Senior Editor

The Inertia

A few years ago, my friend Cody and I were driving between Prince George, a rough town in the middle of British Columbia, and Merritt. We had just worked a 28-day shift on a pipeline, and we were excited. Spring break up was in full swing, and most of the winter’s work was winding down. A little ways out of Prince, in a tiny shithole of a town called Hixon, we spotted a hitchhiker. He looked decent enough–clean clothes, clean shaven, no obvious signs of a mental illness that would leave us beheaded in a ditch–so we decided to pick him up. He had nothing with him except for a cardboard box, about two feet wide and two feet high.

He was a decent guy, at first. In his mid-twenties, he sat quietly in the backseat, the box on his lap, not saying much. “From a town up north,” he answered when Cody asked him where he was from. “Not sure where, just south,” he told me when I asked him where he was heading. Not rude, just not forthcoming. He spent the whole time looking out the window, never looking at us. Then, something weird happened. Cody asked him what was in the box. For the first time, he looked directly at us. “That’s none of your fucking business,” he whispered. We laughed, despite how creepy it was.

Cody glanced at me, one eyebrow up, and we kept driving in silence for another ten minutes. Finally, I couldn’t stand it any longer. I had to know. “Man, just tell us what’s in the box!” I laughed, looking at him in the rearview mirror. “This is killing me!” Looking directly at me in the mirror, his face darkened. “I told you. That’s NONE OF YOUR FUCKING BUSINESS!” Shouting now, he continued. “WHY DO YOU CARE WHAT’S IN THE BOX!? SHUT UP ABOUT THE BOX! IT’S NONE OF YOUR FUCKING BUSINESS!” Cody, ever the pacifist, tried to calm him down. “Man, relax,” he told him. “It’s fine. Don’t tell us. No big deal.” The hitchhiker, though, wouldn’t let up. “IT’S MY FUCKING BOX! IT’S NONE OF YOUR FUCKING BUSINESS WHAT’S IN IT!” He continued shouting for the next five minutes or so, getting more and more wound up, spittle flying from his now-crazed mouth, his eyes flashing with anger. Finally, I had enough.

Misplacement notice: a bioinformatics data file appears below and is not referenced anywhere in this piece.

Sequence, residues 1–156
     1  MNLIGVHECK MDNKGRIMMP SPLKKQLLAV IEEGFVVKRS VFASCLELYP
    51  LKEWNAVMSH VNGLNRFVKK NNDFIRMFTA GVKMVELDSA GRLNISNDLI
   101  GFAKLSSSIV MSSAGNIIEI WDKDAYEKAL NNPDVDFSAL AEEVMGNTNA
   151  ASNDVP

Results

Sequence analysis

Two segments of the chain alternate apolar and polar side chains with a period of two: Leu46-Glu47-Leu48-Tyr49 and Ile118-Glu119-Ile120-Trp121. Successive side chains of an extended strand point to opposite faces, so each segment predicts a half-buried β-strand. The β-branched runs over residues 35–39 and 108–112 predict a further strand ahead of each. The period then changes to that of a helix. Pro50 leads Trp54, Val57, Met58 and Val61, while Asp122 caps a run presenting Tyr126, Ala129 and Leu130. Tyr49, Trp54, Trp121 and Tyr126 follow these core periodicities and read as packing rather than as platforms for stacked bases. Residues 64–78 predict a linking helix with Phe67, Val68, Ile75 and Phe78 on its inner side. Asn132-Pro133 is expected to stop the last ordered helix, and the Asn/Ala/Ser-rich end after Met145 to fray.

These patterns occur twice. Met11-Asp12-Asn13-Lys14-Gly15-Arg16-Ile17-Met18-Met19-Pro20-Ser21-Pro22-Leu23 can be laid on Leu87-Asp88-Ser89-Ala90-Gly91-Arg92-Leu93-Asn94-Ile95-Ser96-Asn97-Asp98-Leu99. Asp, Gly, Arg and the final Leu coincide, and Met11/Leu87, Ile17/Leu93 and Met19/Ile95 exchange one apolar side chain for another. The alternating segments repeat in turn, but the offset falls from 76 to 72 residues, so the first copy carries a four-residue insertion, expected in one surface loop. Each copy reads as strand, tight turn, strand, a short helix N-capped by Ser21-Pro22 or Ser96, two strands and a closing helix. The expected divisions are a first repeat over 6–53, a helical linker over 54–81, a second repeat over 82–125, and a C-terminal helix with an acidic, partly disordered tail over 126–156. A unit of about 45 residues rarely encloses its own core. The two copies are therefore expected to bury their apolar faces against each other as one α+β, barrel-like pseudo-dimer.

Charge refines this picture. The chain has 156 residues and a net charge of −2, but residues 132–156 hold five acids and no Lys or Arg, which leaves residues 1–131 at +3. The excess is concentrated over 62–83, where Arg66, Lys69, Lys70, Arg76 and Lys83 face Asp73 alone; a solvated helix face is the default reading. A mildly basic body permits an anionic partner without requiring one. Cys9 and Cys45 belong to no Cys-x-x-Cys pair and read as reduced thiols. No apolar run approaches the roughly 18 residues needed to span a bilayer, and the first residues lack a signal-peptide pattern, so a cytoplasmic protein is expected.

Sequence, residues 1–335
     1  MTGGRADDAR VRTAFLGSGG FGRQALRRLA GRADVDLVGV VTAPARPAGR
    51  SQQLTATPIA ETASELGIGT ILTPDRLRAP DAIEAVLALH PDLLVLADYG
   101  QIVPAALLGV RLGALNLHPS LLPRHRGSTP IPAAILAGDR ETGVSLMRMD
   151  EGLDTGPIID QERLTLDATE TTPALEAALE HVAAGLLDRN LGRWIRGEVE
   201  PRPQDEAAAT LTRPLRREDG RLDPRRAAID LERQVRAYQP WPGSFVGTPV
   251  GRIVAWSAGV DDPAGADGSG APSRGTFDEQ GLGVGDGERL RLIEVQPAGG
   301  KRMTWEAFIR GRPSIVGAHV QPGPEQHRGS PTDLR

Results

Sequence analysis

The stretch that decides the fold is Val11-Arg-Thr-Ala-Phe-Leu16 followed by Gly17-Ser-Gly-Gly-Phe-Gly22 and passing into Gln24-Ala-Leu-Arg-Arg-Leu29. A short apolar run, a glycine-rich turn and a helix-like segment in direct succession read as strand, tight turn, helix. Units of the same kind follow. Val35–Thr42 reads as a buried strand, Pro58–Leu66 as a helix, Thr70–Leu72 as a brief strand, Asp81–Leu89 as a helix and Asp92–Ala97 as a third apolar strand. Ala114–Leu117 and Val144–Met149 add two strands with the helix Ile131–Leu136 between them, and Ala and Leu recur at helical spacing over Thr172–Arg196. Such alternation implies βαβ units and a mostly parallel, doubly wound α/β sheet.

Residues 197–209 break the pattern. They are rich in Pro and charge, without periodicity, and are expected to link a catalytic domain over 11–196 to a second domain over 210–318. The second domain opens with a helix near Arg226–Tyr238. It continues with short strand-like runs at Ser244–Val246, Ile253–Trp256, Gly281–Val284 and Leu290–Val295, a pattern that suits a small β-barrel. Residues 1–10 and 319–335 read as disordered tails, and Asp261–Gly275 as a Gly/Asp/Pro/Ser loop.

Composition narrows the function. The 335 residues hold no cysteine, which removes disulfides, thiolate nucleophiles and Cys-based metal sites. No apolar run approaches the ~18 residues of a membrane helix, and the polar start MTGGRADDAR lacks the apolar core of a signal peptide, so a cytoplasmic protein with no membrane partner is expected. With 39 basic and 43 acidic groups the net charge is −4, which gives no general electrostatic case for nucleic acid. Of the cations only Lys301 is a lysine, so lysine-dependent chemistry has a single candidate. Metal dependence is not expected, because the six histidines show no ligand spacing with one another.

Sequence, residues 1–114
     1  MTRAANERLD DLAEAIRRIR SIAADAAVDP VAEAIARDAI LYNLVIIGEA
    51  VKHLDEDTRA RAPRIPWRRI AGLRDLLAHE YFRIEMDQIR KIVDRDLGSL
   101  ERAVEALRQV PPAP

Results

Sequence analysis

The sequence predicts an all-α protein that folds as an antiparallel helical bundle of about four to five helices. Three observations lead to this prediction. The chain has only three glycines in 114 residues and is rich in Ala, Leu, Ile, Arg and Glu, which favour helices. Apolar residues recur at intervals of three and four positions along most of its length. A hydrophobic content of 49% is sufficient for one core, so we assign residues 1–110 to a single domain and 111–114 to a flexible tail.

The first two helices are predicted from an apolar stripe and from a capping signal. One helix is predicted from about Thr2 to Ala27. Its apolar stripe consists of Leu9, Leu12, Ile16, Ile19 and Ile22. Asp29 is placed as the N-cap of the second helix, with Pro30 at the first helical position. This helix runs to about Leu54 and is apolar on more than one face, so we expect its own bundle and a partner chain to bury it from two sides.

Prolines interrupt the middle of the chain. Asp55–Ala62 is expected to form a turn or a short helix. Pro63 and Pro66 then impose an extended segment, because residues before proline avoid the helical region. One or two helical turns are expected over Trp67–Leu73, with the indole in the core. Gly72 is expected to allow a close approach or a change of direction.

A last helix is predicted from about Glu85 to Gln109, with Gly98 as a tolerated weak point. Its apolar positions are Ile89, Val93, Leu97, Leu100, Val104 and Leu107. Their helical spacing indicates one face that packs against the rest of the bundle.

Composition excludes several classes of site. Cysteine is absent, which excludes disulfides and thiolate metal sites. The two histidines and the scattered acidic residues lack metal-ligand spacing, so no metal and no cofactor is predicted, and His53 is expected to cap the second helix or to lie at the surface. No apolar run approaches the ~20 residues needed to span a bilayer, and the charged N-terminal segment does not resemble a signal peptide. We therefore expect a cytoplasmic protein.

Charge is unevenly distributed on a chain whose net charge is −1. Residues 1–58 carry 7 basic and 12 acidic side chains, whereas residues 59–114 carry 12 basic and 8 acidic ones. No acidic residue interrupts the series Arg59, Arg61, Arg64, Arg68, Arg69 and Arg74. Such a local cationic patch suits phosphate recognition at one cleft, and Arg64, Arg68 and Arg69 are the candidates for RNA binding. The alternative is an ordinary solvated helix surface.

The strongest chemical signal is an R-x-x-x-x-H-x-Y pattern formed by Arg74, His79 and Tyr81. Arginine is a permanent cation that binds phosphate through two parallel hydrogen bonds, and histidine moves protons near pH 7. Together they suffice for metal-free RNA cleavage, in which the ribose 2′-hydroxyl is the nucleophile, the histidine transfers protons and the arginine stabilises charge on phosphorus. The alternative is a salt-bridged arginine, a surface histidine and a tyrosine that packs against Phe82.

Slamming on the brakes, I pulled over to the side of the road, put the truck in park, got out, and walked around to his door. I opened it, reached in, and undid his seatbelt from under the box. When I did, he yanked the box away from me, as though I was trying to steal it. I heard something heavy roll around inside it as he moved it. “That’s enough, man,” I told him. “Get out of the truck.” Surprisingly, he did with little argument. I walked back to the driver’s side door, got it, put it in drive, and took off, leaving him in the dust. Cody looked back through the rear window, nervously laughing. “Fuck, dude. That was nuts,” he said. Then, he noticed something. In his haste to get out, the hitchhiker left his box in the backseat. Now we were driving south with it. So what was in the box, you ask?



It’s a joke.

PS: The video above is of a hitcher picked up in Costa Rica. According to the video description, this was just one part of a four hour trip. As it turns out, the hitchhicker is a pretty well-known guy, and by all accounts, is just plain awesome. He’s what being stoked is all about.


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